With high suspension leverage ratios and the associated high shock pressures often found on XC race bikes, it was often difficult to obtain full travel. And often, to get full travel, they ended up having to run too much sag and lose mid-stroke support. Finally, high shock pressures can result in less usable rebound tuning range – it’s something we’ve seen often, too much pressure leads to you having just a couple of clicks of truly relevant rebound adjustment, with the rest being largely superfluous.

The Anthem features a more usable rebound range than other XC bikes on the market.

So, how does the Anthem’s 90mm shock solve these problems?

What Giant found after trialling a couple of 100mm prototypes was that moving to 90mm travel with a lower leverage ratio, and using a shock with a higher air volume and a longer stroke length, allowed for lower air pressures to be used.

Carl Decker explains the rationale behind the Anthem’s rear suspension.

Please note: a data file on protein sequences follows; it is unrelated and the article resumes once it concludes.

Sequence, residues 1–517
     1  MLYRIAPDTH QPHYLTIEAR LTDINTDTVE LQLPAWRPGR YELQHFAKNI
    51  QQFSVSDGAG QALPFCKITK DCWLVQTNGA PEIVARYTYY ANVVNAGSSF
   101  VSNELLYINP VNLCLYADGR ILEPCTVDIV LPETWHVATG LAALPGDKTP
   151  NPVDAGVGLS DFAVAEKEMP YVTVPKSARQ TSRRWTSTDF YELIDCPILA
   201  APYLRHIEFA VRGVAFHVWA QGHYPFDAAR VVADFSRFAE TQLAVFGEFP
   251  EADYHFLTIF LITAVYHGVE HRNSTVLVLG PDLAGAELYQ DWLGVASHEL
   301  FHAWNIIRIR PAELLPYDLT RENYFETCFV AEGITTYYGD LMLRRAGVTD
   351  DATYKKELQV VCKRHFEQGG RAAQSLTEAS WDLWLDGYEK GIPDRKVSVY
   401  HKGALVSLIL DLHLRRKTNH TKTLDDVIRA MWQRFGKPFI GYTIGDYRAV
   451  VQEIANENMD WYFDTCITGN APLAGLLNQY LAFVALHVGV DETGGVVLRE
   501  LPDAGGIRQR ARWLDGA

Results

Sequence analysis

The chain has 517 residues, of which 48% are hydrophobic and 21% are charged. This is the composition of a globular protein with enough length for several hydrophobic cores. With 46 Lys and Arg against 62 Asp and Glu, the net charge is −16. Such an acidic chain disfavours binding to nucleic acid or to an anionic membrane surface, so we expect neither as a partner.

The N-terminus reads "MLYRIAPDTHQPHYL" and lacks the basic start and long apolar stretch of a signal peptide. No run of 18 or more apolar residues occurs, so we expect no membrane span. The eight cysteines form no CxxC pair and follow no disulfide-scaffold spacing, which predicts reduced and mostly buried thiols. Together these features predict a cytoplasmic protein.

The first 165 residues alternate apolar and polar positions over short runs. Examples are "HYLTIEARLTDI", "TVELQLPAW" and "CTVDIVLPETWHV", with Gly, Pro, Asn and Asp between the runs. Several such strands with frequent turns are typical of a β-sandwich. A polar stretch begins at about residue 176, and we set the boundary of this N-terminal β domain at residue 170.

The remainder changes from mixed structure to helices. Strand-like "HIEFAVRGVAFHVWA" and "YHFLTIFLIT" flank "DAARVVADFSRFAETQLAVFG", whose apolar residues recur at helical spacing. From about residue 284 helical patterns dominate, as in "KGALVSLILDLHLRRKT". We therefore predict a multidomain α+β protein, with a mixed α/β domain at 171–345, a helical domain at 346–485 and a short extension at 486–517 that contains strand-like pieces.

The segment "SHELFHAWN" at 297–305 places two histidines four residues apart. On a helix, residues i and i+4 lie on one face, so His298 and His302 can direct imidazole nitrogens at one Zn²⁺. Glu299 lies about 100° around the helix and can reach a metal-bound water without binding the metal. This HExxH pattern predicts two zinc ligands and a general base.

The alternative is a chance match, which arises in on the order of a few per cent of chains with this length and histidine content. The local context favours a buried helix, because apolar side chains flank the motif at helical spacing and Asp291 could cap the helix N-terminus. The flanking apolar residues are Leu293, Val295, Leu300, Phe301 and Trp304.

Pushing through all the tech talk, lower air pressures let Giant obtain better shock sensitivity, more mid-stroke support, more rebound control, and the usability of the full travel range without blowing through and bottoming out.

We would describe the Anthem’s rear suspension as supportive and efficient.

The mid stroke support gives you a better riding position, as regardless of whether you’re in or out of the saddle there’s minimal bobbing and good traction. Cutting to the chase- we were very impressed by the Anthem’s rear travel. It’s not the brutal, and super firm feel we anticipated when we first heard it had 90mm of travel, but rather it’s quality, and it’s effective.

The Anthem’s 90mm of travel isn’t a lot on paper, but it works superbly.

How did the rest of the bike go out on the trail?

Fast. We were aboard the top of the line Anthem 29 Advanced Pro 0 for the bike’s launch, a bike featuring nothing but the best components available, and the bike didn’t disappoint.